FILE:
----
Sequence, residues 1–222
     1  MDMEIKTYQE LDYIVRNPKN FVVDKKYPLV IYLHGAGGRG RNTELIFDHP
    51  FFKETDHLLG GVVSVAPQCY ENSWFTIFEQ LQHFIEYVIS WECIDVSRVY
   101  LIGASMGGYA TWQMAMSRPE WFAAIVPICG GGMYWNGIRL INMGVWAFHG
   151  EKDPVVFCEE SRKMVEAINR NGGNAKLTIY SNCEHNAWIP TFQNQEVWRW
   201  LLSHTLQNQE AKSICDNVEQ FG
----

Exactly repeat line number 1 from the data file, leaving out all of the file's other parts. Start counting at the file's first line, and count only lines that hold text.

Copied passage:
Sequence, residues 1–222